Geeks Guide2... iPhone 4 Development
40% off! Includes iPad
In this week's edition of Geeks' Guide we look at a Cocoa Touch bestseller, Beginning iPhone 4 Development, by Dave Mark, Jack Nutting and Jeff LaMarche. This dream team collaboration has a wealth of experience. The trio are considered experts on iOS development, Mac programming, Cocoa and Objective-C.
The book has been completely updated since Beginning iPhone 3 Development and now features iPad development and up-to-date source code. The aim of the book is to get you past the initial learning curve and help you control or interact with iOS features. The team also teaches you how to integrate all the interface elements you love – including buttons, switches, pickers, sliders and toolbars. You'll also see how to use the new concurrency APIs included in iOS 4.
There are 657 pages. You'll begin with the basics of working with Xcode, interaction, interface, autorotation, autosizing and table views. Later you will also look at the Accelerometer, drawing with Quartz & OpenGL, localisation and much more.
The book is packed with highly practical examples, illustrations and coding to help you unleash your potential. It's easy to follow and ideal for beginners, all you need to do bring your own creativity and be a registered iOS developer. All in all, the authors deliver the materials and examples which give you a great introduction to the world of iOS programming with the Apple SDK.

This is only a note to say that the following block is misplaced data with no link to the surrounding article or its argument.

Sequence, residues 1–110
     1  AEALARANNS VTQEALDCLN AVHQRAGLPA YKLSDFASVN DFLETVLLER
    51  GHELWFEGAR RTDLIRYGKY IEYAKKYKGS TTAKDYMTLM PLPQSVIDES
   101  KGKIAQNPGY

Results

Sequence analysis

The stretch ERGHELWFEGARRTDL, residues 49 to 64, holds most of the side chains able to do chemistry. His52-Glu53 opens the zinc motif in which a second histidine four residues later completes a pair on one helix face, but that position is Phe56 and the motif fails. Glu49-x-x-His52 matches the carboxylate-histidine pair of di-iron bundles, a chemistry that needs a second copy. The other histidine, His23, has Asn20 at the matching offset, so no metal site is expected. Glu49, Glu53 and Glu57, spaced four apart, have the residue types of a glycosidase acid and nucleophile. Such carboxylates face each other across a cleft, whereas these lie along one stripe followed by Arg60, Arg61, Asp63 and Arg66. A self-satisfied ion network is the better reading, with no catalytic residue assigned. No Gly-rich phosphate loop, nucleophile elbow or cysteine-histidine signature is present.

Beginning iPhone 4 Development is available now for £18.89 – saving you 40 per cent on the list price. We ship worldwide and all our orders come with free UK delivery & same working day despatch*.
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The photograph at the top of the book...
which Reg reporter is it? I mean, seriously, curiosity has me going here...
Xcode 3 - How old is the book?
Looking at the product description, it is still using Xcode 3 and not Xcode 4 as the development environment. Nothing wrong with that, you still learn the language etc, but IF it is a new book?, why not use the Xcode 4 environment to learn, otherwise it would be confusing to the learner who would most likely be using Xcode 4 and therefore would also be trying to get their head around the dev environment, while seeing the examples etc being done in the Xcode 3 dev environment.
Includes the iPad in the same way it includes the iPhone
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